Uncluttered collecting

Similar to Laura Wingfield in Tennessee Williams’ play The Glass Menagerie, I have a collection of animal figurines. Unlike Laura, however, most of mine are wax creatures made in Mold-A-Rama vending machines.

Mold-A-Rama machines are located in tourist destinations across the U.S., so finding them is a lot like a scavenger hunt. Actually, it’s a very addictive scavenger hunt. To keep my collection from taking over my home and becoming clutter, I instituted some rules to control the menagerie:

  • Animals may not be stored anywhere other than their designated 4′ shelf. If there are too many animals, must sell least favorite on eBay.
  • Only collect animals in person. No ordering them off eBay or asking friends to pick them up for me on their travels. If I don’t touch the machine myself, I won’t obtain it.
  • The Mold-A-Rama must be an animal, not buildings or other molded forms.
  • Don’t plan trips around collecting the animals, rather check machine locations only after I’ve made plans to visit somewhere.
  • No duplicates. One animal in one color from each machine I encounter, no more.
  • No paraphernalia associated with the collection. No t-shirts, no pamphlets, no books, no broken Mold-A-Rama vending machines rescued from the dump, etc.
  • No more than 7 acquisitions in a single year.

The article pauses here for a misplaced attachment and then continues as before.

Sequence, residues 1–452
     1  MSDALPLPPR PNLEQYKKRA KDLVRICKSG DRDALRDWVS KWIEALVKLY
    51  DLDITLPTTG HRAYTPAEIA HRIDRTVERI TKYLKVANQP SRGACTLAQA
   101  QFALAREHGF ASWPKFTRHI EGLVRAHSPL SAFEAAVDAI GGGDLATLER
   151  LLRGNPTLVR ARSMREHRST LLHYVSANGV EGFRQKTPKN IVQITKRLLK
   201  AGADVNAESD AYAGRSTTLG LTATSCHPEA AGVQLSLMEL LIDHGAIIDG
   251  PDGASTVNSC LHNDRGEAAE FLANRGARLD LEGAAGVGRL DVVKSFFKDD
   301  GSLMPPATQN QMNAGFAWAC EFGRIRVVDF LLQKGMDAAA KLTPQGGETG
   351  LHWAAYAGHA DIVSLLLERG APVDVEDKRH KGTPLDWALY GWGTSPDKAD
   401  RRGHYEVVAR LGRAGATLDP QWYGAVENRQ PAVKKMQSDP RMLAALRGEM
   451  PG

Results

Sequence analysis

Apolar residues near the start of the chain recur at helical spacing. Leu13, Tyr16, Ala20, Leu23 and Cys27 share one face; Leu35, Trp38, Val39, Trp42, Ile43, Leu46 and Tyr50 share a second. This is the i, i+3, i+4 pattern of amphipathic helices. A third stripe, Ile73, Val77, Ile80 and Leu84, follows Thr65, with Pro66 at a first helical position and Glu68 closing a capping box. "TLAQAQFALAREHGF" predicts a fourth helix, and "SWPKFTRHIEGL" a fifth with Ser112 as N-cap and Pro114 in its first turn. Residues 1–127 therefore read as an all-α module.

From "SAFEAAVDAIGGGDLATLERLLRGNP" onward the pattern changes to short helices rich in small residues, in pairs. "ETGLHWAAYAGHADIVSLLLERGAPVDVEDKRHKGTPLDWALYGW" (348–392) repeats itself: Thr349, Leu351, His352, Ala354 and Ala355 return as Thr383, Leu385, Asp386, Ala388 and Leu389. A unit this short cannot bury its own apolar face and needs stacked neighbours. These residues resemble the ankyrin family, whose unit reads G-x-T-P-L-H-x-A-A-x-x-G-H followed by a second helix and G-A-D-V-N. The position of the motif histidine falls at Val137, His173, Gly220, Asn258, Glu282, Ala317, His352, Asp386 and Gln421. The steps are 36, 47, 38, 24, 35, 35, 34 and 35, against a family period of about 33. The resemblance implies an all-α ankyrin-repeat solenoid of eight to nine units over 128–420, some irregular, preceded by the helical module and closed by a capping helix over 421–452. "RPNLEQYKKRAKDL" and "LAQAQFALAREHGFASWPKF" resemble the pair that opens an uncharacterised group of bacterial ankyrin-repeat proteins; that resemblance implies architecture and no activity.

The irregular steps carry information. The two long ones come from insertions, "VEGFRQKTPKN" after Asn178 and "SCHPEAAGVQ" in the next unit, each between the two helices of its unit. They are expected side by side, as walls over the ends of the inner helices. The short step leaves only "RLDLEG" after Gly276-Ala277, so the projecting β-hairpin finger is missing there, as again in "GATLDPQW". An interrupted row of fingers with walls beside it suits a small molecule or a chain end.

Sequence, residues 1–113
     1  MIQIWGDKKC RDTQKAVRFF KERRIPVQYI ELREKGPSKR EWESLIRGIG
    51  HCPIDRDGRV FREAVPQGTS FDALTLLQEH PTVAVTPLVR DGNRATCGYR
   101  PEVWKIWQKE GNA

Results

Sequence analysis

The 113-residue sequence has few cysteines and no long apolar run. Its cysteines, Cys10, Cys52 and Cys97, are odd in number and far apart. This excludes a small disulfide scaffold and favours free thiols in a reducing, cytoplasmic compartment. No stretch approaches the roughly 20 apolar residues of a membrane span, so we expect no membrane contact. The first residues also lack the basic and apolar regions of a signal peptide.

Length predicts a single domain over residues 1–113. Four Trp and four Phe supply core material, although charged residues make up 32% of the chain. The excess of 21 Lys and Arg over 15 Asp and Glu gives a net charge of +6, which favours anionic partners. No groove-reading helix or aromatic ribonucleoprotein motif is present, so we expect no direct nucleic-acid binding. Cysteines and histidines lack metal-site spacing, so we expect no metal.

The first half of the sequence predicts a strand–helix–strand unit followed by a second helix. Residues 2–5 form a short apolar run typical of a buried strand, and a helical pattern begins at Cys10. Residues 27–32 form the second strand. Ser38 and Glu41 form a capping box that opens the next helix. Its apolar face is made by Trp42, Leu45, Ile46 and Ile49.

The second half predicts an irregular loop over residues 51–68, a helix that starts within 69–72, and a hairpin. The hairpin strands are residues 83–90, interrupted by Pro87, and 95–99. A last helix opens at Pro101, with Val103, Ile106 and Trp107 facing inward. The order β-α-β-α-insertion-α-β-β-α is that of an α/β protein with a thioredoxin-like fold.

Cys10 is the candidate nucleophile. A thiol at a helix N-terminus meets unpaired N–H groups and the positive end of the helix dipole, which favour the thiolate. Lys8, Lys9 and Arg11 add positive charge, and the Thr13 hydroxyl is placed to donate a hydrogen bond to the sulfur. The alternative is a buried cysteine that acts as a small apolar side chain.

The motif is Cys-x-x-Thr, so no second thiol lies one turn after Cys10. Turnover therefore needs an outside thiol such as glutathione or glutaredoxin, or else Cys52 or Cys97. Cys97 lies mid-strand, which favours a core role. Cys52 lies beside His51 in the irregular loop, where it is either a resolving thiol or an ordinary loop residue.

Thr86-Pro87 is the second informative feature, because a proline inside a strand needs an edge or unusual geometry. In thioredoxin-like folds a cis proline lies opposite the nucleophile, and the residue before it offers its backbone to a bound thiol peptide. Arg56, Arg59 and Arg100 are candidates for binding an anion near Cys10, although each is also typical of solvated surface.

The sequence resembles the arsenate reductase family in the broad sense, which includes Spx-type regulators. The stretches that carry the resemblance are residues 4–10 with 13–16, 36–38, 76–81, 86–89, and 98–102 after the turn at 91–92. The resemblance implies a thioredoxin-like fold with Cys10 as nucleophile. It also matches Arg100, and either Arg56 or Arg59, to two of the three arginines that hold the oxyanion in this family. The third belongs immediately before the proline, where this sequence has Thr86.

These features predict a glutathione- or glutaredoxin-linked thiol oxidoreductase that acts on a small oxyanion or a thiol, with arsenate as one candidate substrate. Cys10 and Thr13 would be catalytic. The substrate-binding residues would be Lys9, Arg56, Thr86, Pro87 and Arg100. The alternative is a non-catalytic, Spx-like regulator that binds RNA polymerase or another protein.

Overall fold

If you have a collection, I recommend instituting similar rules to keep your treasures from turning into clutter. It’s always a good idea to institute limits for your collection that include budget, storage space, and acquisition guidelines. Also, if you live with another person or other people, make sure they’re okay with the rules you establish since they also have to share the space with you.

Remember, being an unclutterer doesn’t mean you can’t or shouldn’t have collections — but it does mean taking an active role in ensuring your collection doesn’t become clutter.

50 Comments for “Uncluttered collecting”

  1. posted by amandalee on

    Erin, I love these rules. I’ve never seen those machines before – I might have to find one. I’m not a collector by nature, so I doubt I’d want to buy more than two or three to put on my desk, but it’d be fun.

    I’d love to see photos of your collection!

  2. posted by Ren on

    I have never seen the machines before BUT the wax lion posted here is the central theme of the pilot episode of Wonderfalls which was a 1 season-canceled early-but available on dvd show that was HILARIOUS!